Yet another type of analysis is the analysis of risk and return which are the two major characteristics of any investment. This is sought to be achieved by the use of portfolio theory and portfolio management. In the analysis, the choice of scrips is decided by an analysis of risks involved in relation to the return in the background of the market risks and market return. A diversified portfolio of scrips is decided by an analysis of risk involved in relation to the return in the background of the market risks and market return.
A diversified portfolio of scrips with varying degrees of risks in the upward and downwards directions would lead to a minimisation of risk for the selected basket of scrips in the market. The degree of risk of the whole basket would, of course, depend upon the asset preferences, income requirements and other investment characteristics which an investor would choose, given his likes, preferences, needs etc. Broadly the portfolio theory depicts the choice of scrips in terms of its risk-return characteristics and maximization of returns and minimisation of risks involved.
Schematic Presentation of Theory:
In Fig. 4, all the theories are integrated to help decision-making by investors. Firstly, the basis of markets is the money flow, which is represented by the funds flow theory, resulting in the emergence of stock and capital markets. Looked at from a different angle, the savings of the public are channeled into investment, which for an individual at micro level leads to claims on money and future cash flows. For the country as a whole, the savings flow into investment, which helps the growth process in the economy. This is explained by the Savings Investment Theory.
Secondly, an investor to make a right decision to purchase or sell shares has to know the correct and fair value of a share. To explain why share prices fluctuate and what the fair prices are, the theories used are Market Efficiency Theory, Random Walk Theory and Capital Assets Pricing Theory. All these present markets as efficient due to free and perfect information flows and their absorption by the markets. In actual practice, information is not perfect and markets are not efficient. Prices depend inter alia on a host of psychological and emotional factors. The theory of Trend Walkers explains the market trends as set by a few trend setters or leaders followed by a mass of trend walkers.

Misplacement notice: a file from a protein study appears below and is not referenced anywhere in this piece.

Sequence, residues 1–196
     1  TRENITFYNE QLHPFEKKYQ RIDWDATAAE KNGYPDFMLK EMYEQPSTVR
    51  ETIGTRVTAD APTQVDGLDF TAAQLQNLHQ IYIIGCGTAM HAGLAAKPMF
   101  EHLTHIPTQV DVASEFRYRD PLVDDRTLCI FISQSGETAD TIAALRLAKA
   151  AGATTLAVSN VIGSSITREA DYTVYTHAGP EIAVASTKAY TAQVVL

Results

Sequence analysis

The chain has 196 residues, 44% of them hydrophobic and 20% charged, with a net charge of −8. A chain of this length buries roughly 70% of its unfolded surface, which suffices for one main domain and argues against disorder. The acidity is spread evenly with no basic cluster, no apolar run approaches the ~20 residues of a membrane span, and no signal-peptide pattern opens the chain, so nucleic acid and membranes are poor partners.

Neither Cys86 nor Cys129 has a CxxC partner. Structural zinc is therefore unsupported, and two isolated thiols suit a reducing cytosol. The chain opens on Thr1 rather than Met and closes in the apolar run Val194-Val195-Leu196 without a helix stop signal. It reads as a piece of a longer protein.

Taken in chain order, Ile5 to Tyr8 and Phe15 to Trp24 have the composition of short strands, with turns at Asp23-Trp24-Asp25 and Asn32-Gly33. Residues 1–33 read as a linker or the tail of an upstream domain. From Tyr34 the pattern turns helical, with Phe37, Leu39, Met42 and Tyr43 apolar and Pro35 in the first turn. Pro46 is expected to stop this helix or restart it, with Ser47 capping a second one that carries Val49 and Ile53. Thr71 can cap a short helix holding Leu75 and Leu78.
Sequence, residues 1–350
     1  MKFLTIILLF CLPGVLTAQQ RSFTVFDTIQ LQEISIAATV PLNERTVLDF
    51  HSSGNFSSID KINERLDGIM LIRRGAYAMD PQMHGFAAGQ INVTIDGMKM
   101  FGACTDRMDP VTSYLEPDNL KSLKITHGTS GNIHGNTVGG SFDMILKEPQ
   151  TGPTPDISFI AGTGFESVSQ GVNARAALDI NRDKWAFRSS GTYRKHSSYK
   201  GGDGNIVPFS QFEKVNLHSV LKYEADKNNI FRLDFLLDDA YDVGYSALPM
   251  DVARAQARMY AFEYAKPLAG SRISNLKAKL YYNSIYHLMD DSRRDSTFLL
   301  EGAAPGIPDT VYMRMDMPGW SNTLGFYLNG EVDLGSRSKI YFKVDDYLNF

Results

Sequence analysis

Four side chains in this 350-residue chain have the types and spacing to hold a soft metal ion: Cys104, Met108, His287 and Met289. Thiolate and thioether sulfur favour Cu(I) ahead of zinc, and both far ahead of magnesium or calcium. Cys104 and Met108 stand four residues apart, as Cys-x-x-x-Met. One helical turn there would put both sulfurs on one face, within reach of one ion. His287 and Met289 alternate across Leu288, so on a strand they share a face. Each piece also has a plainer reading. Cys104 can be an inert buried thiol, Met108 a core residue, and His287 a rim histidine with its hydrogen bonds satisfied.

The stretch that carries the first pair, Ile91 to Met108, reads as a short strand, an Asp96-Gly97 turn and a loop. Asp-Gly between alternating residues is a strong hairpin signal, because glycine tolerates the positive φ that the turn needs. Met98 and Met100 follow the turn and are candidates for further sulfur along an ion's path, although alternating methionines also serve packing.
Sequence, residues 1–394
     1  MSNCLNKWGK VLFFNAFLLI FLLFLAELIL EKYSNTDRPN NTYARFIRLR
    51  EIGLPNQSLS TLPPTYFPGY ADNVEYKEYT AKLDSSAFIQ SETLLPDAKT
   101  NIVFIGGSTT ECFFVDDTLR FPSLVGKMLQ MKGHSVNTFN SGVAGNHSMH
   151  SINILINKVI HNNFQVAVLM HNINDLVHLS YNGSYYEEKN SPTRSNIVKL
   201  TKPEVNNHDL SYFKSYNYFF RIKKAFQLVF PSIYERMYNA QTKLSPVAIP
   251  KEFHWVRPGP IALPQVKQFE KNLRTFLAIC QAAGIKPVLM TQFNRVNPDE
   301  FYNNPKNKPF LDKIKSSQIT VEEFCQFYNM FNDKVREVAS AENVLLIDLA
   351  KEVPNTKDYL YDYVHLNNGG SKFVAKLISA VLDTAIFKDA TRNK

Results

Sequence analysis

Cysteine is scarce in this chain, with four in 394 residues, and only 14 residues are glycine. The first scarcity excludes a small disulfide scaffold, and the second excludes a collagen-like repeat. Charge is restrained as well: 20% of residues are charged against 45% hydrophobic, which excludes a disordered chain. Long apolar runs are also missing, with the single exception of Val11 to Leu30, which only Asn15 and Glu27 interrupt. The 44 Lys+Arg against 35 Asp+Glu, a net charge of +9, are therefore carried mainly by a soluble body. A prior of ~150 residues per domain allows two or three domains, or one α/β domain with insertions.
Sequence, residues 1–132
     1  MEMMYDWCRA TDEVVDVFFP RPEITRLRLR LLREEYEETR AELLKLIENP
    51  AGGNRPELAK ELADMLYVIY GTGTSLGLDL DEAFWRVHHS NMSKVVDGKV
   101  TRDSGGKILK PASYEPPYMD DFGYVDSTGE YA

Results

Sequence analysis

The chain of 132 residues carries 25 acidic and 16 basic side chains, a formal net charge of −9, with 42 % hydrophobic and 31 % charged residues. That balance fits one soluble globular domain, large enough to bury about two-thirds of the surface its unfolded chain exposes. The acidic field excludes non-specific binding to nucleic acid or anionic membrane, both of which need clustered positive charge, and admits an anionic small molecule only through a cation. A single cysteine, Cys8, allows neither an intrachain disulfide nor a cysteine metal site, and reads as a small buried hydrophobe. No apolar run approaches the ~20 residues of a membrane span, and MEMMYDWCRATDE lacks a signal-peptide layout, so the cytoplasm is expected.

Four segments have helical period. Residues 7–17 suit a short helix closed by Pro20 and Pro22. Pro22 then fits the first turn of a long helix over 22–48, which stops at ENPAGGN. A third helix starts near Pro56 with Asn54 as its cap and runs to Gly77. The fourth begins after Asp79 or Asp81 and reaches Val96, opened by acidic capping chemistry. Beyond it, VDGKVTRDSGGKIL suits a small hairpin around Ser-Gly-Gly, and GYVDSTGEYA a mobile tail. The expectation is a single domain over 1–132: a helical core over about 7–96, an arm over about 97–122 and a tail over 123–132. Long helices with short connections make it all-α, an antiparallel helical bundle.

Thirdly, the market prices and individual share prices are explained by the fundamental factors, namely, economy, industry and company analysis. This leads to factors determining the market prices and their movements around the intrinsic worth of the shares. This process is helped by the balance sheet analysis of companies and application of ratio analysis and other tools of financial management.
Fourthly, an investor should know the timing of investments, when to buy and sell. This decision is helped by the technical analysis of markets, incorporated in the Dow Theory and moving averages, Elliot’s Wave Theory, etc.
Lastly, the portfolio theory provides the linkage of markets to investment. An efficient portfolio is to be developed by the investor by making proper investments to minimise the risks and maximise the returns. The portfolio management helps the investment process by applying the principles of Portfolio Theory to build up an efficient portfolio through a diversified basket of scrips and by using the concept of Beta. Security evaluation and risk return assessment are linked to the investment process. What securities to buy and when to buy so as to build up an efficient portfolio are all interlinked to result in the buying and selling of shares in the market and trading.
Thus, the whole theoretical framework results in a practical application to the buying and selling and investment process in the market. The various theories are provided inter-linkages, inter se by the schematic representation in the Fig. 4.